Before you trash a photography judge, remember, judges have between 3 to 5 seconds to make several decisions when first presented with an image to be judged. Sometimes even less.
First they need to have the image create a first impression. This is the impact stage or the wow factor of the image that can garner extra points. More on Impact later…. Then a general evaluation of the image is done where overall qualities are noted including any emotional impact the image may have and then the image is scanned for flaws or devices that impact the image in other positive or negative ways. Finally, a score or mark must be given often in changing scales from 1 to 5, 1 to 10, 5 to 10 and sometimes even with half marks. I have even had to judge out of 30 and once out of 100.
Judges are even sometimes asked to judge based on Photographers Levels where the maker’s skills are taken into consideration.
Judges also need to understand Judging Standards or Practices as used by their federation or world photographic societies. Even something as simple as understanding that extra points are NEVER given for the effort made to
These are the easy parts! These decisions must be made in a fair, educated, and most importantly in an unbiased way no matter what the image is or what genre it is.
How does a judge do all this in such a short amount of time?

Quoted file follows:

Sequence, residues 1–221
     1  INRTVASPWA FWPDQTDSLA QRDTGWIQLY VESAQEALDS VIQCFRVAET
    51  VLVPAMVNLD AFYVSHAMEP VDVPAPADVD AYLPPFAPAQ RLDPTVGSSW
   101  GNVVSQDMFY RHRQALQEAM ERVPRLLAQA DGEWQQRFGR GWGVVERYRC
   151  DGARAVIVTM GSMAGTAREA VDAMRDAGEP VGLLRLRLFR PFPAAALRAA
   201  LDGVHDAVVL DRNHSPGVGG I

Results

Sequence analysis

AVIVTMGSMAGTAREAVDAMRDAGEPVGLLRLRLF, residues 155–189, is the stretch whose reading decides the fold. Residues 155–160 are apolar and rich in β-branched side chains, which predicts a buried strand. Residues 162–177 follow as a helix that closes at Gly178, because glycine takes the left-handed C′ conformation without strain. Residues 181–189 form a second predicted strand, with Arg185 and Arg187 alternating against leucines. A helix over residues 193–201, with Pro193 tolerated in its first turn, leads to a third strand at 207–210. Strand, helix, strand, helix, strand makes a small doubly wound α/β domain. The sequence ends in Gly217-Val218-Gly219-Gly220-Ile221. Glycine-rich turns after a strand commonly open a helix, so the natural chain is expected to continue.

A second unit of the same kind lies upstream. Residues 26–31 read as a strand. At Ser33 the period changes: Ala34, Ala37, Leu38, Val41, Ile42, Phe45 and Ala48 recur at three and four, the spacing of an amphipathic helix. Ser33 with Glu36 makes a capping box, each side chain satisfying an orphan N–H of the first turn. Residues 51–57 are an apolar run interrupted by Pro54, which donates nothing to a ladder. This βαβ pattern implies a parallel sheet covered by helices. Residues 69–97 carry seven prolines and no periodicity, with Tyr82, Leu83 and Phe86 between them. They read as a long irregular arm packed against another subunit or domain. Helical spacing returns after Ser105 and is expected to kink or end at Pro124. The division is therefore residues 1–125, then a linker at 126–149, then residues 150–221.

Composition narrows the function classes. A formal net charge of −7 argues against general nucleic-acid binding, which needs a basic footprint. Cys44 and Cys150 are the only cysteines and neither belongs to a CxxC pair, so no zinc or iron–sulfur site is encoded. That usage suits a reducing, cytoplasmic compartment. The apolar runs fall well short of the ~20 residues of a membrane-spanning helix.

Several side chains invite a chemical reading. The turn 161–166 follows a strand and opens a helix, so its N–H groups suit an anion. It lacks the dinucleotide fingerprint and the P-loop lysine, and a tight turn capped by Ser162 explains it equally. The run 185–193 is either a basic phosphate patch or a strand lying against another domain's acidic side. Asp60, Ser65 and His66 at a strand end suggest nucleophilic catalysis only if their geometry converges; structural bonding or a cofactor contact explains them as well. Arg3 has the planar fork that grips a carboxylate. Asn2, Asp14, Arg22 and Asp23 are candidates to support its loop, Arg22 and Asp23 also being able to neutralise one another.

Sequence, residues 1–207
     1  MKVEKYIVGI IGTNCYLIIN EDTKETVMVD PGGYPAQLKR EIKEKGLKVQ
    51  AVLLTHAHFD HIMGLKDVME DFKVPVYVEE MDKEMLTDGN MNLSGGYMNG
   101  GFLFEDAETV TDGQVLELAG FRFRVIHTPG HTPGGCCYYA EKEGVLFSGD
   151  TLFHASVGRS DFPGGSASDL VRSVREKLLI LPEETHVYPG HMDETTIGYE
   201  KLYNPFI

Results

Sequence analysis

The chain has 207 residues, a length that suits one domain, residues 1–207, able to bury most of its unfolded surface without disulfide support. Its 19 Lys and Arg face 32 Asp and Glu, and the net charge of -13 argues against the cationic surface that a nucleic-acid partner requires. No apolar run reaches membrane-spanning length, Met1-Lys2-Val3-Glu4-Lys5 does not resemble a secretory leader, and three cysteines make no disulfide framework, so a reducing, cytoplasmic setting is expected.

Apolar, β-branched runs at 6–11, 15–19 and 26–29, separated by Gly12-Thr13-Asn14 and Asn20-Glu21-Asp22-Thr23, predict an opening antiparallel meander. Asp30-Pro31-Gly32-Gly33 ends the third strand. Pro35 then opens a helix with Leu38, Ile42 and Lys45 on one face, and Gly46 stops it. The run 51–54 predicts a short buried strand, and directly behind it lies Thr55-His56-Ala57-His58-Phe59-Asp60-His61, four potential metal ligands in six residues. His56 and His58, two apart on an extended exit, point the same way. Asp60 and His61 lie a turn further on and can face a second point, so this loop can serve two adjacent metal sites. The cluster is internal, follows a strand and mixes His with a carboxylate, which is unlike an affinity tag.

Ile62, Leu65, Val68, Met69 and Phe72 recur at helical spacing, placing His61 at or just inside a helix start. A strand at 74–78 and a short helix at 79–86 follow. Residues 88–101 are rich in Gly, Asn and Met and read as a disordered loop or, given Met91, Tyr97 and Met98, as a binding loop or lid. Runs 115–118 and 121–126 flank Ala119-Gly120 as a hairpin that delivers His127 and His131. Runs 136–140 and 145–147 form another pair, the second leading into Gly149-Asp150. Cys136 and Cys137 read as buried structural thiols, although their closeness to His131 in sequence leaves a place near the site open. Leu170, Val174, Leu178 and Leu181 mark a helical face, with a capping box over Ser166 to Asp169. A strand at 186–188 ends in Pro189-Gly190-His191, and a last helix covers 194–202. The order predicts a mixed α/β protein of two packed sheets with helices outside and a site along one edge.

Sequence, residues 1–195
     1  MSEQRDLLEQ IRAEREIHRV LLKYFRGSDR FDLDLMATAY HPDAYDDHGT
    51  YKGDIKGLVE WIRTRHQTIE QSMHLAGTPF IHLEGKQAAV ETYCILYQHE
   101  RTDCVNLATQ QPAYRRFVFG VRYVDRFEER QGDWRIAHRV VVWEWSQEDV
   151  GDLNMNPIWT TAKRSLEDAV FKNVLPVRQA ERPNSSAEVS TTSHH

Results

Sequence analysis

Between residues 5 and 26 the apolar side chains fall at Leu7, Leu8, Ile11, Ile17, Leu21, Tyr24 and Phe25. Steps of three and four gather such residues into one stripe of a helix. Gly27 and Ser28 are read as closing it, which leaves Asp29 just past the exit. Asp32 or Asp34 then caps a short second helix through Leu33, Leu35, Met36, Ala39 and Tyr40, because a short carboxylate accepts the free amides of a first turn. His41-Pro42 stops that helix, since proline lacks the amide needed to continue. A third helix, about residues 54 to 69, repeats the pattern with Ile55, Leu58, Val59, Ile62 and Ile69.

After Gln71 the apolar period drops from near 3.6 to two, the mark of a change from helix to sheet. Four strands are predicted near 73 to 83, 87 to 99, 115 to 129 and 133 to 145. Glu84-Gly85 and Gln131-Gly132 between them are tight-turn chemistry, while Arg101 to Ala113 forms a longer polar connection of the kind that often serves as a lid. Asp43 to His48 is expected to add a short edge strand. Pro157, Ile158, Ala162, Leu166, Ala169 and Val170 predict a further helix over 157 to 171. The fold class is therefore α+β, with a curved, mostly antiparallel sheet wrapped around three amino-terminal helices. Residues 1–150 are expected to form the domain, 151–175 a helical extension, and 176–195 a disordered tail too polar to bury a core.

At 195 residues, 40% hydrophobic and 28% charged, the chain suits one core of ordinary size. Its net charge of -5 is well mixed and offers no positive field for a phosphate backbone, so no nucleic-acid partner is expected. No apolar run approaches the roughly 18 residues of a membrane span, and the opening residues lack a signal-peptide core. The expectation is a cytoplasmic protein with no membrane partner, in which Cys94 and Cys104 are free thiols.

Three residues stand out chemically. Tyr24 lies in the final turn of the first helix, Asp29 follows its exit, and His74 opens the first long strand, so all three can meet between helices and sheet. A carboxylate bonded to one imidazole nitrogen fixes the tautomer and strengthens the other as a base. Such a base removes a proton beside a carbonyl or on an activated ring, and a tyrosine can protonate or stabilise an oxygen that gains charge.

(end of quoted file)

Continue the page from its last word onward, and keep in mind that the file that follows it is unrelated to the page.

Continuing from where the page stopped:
First and foremost a judge that is capable of doing it in general must be somewhat accomplished as a photographer themselves. Or at the very least have a lifetimes knowledge of photography. This often entails years of photography work, often learning many new and varied skills along the way, and always includes having seen thousands of images in clubs, galleries, the Internet, magazines and books. For print competitions a judge should understand what a ‘good’ silver gelatin print is and what a good digital print is.
At some point in their career these photographers have learned that they have had to start judging and critiquing their own images. This is usually the point where these same photographers realize that they need to evaluate most images they see. The question, “Why do I like this image?” creeps in. Why are my images not this good? What do I need to do differently to make my images better? When they see an image they do not like, answering 'Why' they do like it becomes a powerful learning experience.